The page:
Once we had a short list (short because I ran out of space on the whiteboard) of stereotypes for both genders, I drew a square on the whiteboard (I had fortunately remembered to save space for this!).  I split it into 4, and in the two columns at the top I wrote “Should” and “Shouldn’t” (in the quotation marks) and along the right side in the rows I wrote DO and DON’T.  This made a chart that had four groupings: “Should” and DO (meaning the stereotypes about their gender which they consider true for themselves), “Should” and DON’T (stereotypes about their gender which do not apply to them), “Shouldn’t” and DO (meaning the stereotypes for the other gender which are true for them), “Shouldn’t” and DON’T (meaning the stereotypes for the other gender which do not apply to them). They were tasked with going through the things from the lists, along with anything else they could think of, and to fill out the chart for themselves.

As someone who likes to lead through example, I share my own chart with them. I held it up for them to see, and asked which squares I had a lot in.  Without reading my answers, they were able to identify that I had more responses in “Shouldn’t” and DO, and “Should” and DON’T. They were able to identify that that means that a lot of the things which were stereotypes about girls didn’t apply to me, and that a lot of stereotypes which fit boys, also fit me.  They also recognized that I had a lot of things in each box, and when I asked “Can you tell by looking at this paper what gender I am?” they all agreed that you couldn’t tell just by looking at how I filled the box in.  “Do I look like I fit just one of the stereotypes?” was the next question, which they were able to say no, because I had things in all the boxes.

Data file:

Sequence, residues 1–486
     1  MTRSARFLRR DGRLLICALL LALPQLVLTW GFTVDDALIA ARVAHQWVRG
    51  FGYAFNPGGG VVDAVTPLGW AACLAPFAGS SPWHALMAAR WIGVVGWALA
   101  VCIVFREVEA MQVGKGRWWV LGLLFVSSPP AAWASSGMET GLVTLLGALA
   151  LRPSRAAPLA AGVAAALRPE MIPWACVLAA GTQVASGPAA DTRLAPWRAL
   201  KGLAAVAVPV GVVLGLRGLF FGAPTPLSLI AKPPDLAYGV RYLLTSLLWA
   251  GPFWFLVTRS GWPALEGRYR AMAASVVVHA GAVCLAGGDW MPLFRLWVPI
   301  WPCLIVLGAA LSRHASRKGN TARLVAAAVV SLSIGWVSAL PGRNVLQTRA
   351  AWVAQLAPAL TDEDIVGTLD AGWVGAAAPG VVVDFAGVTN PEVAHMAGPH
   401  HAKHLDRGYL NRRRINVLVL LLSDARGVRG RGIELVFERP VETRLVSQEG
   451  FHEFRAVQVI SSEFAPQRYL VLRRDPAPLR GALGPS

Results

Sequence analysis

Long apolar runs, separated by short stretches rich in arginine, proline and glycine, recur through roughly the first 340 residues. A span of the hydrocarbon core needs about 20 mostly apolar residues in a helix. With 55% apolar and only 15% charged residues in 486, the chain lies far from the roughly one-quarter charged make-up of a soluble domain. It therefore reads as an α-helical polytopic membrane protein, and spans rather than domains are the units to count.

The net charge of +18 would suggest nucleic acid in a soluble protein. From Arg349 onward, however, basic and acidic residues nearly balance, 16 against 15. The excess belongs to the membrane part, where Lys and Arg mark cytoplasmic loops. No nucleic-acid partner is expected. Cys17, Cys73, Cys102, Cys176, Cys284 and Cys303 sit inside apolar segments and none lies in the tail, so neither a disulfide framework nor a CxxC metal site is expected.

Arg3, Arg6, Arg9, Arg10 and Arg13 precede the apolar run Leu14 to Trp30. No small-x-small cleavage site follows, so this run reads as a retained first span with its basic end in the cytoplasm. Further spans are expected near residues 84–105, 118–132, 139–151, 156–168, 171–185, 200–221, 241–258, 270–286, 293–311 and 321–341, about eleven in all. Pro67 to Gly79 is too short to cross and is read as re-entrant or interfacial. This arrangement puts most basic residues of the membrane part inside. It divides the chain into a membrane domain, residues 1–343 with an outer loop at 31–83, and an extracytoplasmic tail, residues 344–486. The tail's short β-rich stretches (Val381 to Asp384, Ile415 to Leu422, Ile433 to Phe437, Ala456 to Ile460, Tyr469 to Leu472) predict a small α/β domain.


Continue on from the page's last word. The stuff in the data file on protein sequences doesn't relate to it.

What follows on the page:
They didn’t have enough time to complete the assignment, so we’ll see what they do by Friday. During the time that they did have though, many of them had lots of things to put into each box.

My class is not a stereotype! 🙂

The Art of the Flat-Share

I have lived with many different people. Only once has this been due to choosing to, or due to wanting to live with someone. All others have been out of necessity.

I’ll admit it: I hate it. I’m a private person at home, and I don’t want to socialize very much with people I’m forced into living with. I’m also not a partier. I’m 27 years old, and I’m sorry, but I grew up during university and I don’t wish to carry on the lifestyle. Which is what it seems a lot of people think it is, when you’re sharing a flat or a house.  Currently, I’m not in that sort of a living situation.  Currently I’m living with a family member.

Which is better you ask? I don’t honestly know. I’m going to have to say the random partiers, because living with this family member? Has resulted in me, for the first time ever, preferring the idea of living with my parents.